Should You Rent or Own Video Equipment?

Should you rent or own your video equipment? What makes the most sense? What factors help you make the choice? Ron Dawson author of the book: Refocus gets into incorporating HDSLRs into your business the smart way.

This gem originally streamed live on May 10, 2010 at live.thedvshow.com but is still filled with relevant, timely concepts and smart information – minus the older equipment references!

Show notes:

Borrow Lenses
Lens pro To Go
Ron Dawson’s website

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7 Comments

  1. I rent items that I don’t need to have a lot of familiarity with: lights, batteries, grip, B cameras, lenses. That stuff adds-up value wise. Cameras you need to train on – I don’t know how one learns how to use a particular type of camera without spending a lot of time with it. I recently rented some additional batteries, a slider, a mic stand, and a hypercardioid mic.

  2. Depends entirely on what you do, but I remember a studio owner once saying to me that it’s pointless building a business on what equipment you have, because there will always be someone richer than you who can provide better facilities. You have to sell yourself on your expertise, so on that basis either hire equipment that you know inside out, or buy your own and learn to use it better than anyone else – even if that means sticking with it for a while, instead of constantly ‘upgrading’!

  3. Depends on how frequently you will shoot and how much you are going to shoot. If you are shooting 10 days in a year, you will break even. Camera tech is changing drastically every 2-3 years. Lights, cstands, car mounts, good mics and sound gear aren’t to going to be obsolete in 10 years. Do the math for your needs and go from there.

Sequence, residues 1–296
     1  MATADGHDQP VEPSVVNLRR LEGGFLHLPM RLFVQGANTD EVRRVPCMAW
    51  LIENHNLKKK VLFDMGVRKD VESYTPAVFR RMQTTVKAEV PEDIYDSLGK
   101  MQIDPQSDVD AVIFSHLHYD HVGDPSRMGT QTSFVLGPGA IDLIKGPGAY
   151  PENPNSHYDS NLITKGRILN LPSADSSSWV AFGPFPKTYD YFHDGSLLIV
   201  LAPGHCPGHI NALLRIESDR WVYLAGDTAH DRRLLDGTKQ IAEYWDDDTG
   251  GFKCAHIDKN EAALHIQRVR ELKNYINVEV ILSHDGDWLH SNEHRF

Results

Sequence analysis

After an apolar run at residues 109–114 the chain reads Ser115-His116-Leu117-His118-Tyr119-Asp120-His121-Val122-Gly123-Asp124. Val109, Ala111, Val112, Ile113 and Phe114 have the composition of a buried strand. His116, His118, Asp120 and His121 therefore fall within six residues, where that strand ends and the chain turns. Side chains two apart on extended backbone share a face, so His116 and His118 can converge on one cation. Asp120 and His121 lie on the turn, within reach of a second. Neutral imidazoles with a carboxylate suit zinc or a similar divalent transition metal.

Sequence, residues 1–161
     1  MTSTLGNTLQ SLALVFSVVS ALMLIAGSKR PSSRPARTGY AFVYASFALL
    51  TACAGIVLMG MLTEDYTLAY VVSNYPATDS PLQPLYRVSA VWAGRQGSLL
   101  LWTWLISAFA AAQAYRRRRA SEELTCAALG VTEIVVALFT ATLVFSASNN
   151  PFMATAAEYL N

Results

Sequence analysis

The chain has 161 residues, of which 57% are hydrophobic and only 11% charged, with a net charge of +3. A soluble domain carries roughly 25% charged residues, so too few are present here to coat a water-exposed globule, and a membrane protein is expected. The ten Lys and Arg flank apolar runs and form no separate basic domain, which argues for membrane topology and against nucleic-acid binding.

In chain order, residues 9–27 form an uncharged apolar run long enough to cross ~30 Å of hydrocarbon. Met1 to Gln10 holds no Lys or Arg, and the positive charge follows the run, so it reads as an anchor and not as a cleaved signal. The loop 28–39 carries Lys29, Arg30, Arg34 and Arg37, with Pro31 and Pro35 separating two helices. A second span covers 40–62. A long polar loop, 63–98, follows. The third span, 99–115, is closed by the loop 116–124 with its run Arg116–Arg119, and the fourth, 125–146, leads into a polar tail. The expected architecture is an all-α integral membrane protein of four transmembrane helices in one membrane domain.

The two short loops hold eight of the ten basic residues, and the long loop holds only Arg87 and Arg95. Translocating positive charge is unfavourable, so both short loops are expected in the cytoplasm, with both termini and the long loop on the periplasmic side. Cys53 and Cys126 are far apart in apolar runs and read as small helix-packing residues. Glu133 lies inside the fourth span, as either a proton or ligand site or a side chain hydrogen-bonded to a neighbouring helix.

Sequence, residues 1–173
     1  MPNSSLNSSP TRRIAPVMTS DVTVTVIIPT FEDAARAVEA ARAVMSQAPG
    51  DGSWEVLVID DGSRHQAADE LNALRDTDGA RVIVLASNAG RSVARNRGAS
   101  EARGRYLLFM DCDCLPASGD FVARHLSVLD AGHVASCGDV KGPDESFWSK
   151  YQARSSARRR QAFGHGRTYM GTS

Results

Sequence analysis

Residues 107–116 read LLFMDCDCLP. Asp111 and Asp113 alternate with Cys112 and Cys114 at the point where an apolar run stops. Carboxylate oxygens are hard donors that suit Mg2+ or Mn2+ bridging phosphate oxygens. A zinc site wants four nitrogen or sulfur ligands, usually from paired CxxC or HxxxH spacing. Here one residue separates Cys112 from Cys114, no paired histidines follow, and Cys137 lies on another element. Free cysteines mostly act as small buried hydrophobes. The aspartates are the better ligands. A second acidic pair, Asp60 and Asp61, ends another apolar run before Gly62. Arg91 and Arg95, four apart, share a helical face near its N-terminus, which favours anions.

4. Rent everything. Yes, it costs more in the short term, but you don’t have to worry about storage, maintenance, depreciation and new and better tech coming out every day. In the long run, you save money and are always on the cutting edge.

  5. Some equipment such as sound recorders, reflectors, monitors, boom poles, sliders and tripods should be own, Good cameras are expensive so rent till you have enough to buy one.

  6. For what I do, it works. I buy cameras in the $3-5k range and rent glass for bigger projects. You’re right, eventually that camera will get old, but at that price point it’s OK because you’ve already made your money back. Now if you’re buying a $15k-$25k camera that’s a different story – maybe renting it would be better financially. Some of the glass I rent can cost $30k – I don’t want to have to take on that financial burden when I’m only using it for one or two gigs. I have a great set of lenses but still need specialty stuff on certain projects, so I rent. Honestly it depends on what you’re doing, the question was pretty vague. 🙂 I would suggest a “frugal filmmaker” just rent their equipment if this is a hobby or if you’re more serious (going to make many films over the next couple years) buy a decent camera body and rent that beautiful (and very expensive) glass.

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